But... having said that, I'm almost certain that the more familiar named and personalized religious deities, the Bible's Yahweh, the Quran's Allah or any of the Hindu deities don't have much of anything to do with the answers to those metaphysical questions. So I'd have to call myself an atheist with regards to Christianity, Islam or the theistic sorts of Hinduism. I don't believe that these deities' names refer to anything in reality beyond fictional characters of a sort.

    I think that oftentimes the agnostic theists believe not only that that the word 'God' does refer, but that they also have good reason (often their own religious experience) to believe that it refers. They believe that the word 'God' refers to something indescribable that exceeds human language and concepts. So they think that they know that God exists, but that they can't say much of anything about what God is. They can only talk about God's effects in the phenomenal realm and in their lives particularly. This kind of idea can be found in the Eastern Orthodox 'essence/energies' distinction, which holds that God is unknowable directly in essence and is only known through his energies, through the effects that he causes.

    This sort of agnostic theist would say that none of our descriptive vocabulary applies to reality's Source, to what God actually is. So agnostic theism in this sense isn't only about lack of evidence (though that's certainly part of it), it's also about whether human cognition is up to the task of cognizing putative transcendent realities.

    The analogy might be to say that we don't have any idea where the laws of physics, logic, mathematics etc. originally came from or why they exist (analogous to knowledge of the God/the Source's essence) but we can know how logic, mathematics and the laws of physics manifest themselves in our experience (the Source's results, its energies).

    https://en.wikipedia.org/wiki/Apophatic_theology
     
    Last edited: Jan 5, 2021
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  5. Write4U Valued Senior Member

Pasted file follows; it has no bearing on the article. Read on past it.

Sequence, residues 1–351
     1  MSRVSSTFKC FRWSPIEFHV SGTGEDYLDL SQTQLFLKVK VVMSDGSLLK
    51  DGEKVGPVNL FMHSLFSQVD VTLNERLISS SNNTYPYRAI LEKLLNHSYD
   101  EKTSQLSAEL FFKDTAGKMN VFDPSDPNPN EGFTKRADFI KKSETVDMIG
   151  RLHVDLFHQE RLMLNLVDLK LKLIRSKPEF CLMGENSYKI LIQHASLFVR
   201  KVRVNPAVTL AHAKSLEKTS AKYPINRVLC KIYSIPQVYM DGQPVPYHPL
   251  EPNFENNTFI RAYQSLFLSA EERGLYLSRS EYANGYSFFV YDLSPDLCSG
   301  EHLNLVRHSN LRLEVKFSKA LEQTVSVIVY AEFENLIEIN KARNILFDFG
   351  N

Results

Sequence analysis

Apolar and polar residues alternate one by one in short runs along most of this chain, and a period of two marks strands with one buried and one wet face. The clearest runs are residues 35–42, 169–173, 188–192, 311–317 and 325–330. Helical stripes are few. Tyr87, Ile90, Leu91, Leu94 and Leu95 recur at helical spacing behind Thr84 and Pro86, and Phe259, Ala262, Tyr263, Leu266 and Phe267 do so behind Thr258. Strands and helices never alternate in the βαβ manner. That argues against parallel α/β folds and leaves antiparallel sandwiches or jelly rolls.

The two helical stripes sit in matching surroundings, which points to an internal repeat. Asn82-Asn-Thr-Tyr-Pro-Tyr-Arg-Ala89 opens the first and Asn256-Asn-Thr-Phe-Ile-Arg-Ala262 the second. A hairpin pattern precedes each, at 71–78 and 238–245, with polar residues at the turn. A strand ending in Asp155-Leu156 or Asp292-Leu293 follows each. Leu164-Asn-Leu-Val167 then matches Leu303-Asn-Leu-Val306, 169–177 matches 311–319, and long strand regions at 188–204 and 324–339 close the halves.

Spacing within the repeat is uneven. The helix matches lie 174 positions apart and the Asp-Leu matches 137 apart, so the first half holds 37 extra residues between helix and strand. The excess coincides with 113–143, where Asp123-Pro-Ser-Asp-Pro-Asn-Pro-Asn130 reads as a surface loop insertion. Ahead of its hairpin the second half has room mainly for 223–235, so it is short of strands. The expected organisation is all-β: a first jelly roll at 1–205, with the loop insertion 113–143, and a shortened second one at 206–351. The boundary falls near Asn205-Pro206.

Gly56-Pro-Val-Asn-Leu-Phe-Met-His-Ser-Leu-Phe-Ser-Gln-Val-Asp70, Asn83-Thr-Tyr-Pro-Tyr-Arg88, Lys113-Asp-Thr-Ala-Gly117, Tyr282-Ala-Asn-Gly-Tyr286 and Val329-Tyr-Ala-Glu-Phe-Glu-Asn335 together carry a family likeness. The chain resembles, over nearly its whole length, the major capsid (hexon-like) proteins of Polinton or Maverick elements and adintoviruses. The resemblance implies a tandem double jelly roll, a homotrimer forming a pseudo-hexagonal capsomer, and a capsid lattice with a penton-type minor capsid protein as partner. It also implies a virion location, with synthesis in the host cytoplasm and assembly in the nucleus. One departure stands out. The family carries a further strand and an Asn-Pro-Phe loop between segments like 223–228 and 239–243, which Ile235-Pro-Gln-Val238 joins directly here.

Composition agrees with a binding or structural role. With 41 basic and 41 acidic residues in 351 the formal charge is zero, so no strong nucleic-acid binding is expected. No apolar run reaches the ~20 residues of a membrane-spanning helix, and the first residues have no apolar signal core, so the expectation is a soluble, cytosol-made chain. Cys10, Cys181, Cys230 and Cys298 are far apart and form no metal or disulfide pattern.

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    If we do know that God is unknowable, what's the use looking for it? Looking for something that cannot be found is a waste of time IMO. Mind that I am all in favor of meditation and contemplation.

    I just don't bother looking for something that cannot be found and as far as I am concerned God does not exist in my reality. IMO, it is not an elemental property of spacetime.

    QM, chemicals and their evolved complexities are elemental properties of spacetime. We deal with them every day of our lives. That's where my reality can be found, even as I know I do not possess all the secrets of the universe.
     
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  7. James R Just this guy, you know? Staff Member

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    Yazata:

    While that might be true for a few atheists, I think that most would say that they don't claim certainty about the non-existence of God.

    For me, it is conceptually possible that God exists, but there's currently insufficient evidence for me to accept that as a conclusion. In other words, it's not that I believe that God doesn't exist. I'm merely unconvinced that God exists.

    This is why many modern atheists say they "lack belief" in gods, rather than saying that they believe gods do not exist.